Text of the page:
IFRS convergence and accounting quality: India a case study
Manish Bansal and
Journal of International Accounting, Auditing and Taxation, 2021, vol. 45, issue C
This study examines the impact on accounting quality in India after converging Indian generally accepted accounting principles (IGAAP) with International Financial Reporting Standards (IFRS). The converged form of IGAAP is referred as Indian Accounting Standards (Ind AS). Using a pre-and post-IFRS adoption period design, we compare the quality of accounting information reported under IGAAP and Ind AS. Our results show that accounting quality deteriorates immediately after the adoption of Ind AS. In particular, we document that the implementation of IFRS-converged standards results in lower variability in net income, a higher magnitude of discretionary accruals, less timely recognition of losses, and lower value relevance of reported earnings. Subsequent tests suggest that the deterioration in accounting quality ameliorates with the passage of time. The findings of the study suggest that there may be a learning curve for the benefits of IFRS adoption/convergence to diffuse over time through a system. Moreover, simply adopting or converging to IFRS without concurrent changes in institutional and enforcement frameworks may not result in improvements in accounting quality, especially in countries with weak regulatory jurisdictions. Consequently, more attention needs to be paid to implementation and diffusion issues, such as integrating IFRS intentionally in the University curriculum and providing workshops and continuing education courses to improve stakeholder familiarity with IFRS. Improvements in the institutional structures of financial reporting should also be implemented.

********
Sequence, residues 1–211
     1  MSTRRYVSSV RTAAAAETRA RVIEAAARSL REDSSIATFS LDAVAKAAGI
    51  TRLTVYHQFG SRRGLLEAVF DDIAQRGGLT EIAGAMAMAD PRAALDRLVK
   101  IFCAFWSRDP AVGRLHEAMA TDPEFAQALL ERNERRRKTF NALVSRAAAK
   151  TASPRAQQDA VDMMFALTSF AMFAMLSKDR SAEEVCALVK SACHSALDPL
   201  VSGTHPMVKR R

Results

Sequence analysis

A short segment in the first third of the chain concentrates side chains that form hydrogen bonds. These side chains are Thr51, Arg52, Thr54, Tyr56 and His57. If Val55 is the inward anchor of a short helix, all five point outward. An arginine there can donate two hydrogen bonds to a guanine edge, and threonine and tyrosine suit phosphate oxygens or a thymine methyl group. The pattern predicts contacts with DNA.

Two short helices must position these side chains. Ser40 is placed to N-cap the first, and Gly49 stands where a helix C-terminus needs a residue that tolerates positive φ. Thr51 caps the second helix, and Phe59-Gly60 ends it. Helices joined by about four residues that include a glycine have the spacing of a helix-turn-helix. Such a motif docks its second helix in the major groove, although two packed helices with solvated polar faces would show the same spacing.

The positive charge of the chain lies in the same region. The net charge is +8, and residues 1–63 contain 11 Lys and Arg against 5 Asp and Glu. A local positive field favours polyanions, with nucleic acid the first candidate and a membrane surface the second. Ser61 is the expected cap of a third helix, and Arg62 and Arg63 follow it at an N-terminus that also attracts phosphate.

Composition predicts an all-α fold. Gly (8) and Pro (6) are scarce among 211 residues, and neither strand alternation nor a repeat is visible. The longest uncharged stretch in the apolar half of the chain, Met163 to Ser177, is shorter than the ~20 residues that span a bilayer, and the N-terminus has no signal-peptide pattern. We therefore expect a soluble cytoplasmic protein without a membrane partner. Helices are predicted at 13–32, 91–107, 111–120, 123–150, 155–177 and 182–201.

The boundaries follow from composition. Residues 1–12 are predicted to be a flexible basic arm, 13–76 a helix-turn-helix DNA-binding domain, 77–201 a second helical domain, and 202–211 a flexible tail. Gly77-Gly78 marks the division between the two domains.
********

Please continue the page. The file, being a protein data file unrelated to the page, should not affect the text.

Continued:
Keywords: IFRS; Convergence; Ind AS; Accounting quality; India (search for similar items in EconPapers)
JEL-codes: G14 M40 M48 (search for similar items in EconPapers)
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Persistent link: https://EconPapers.repec.org/RePEc:eee:jiaata:v:45:y:2021:i:c:s1061951821000550
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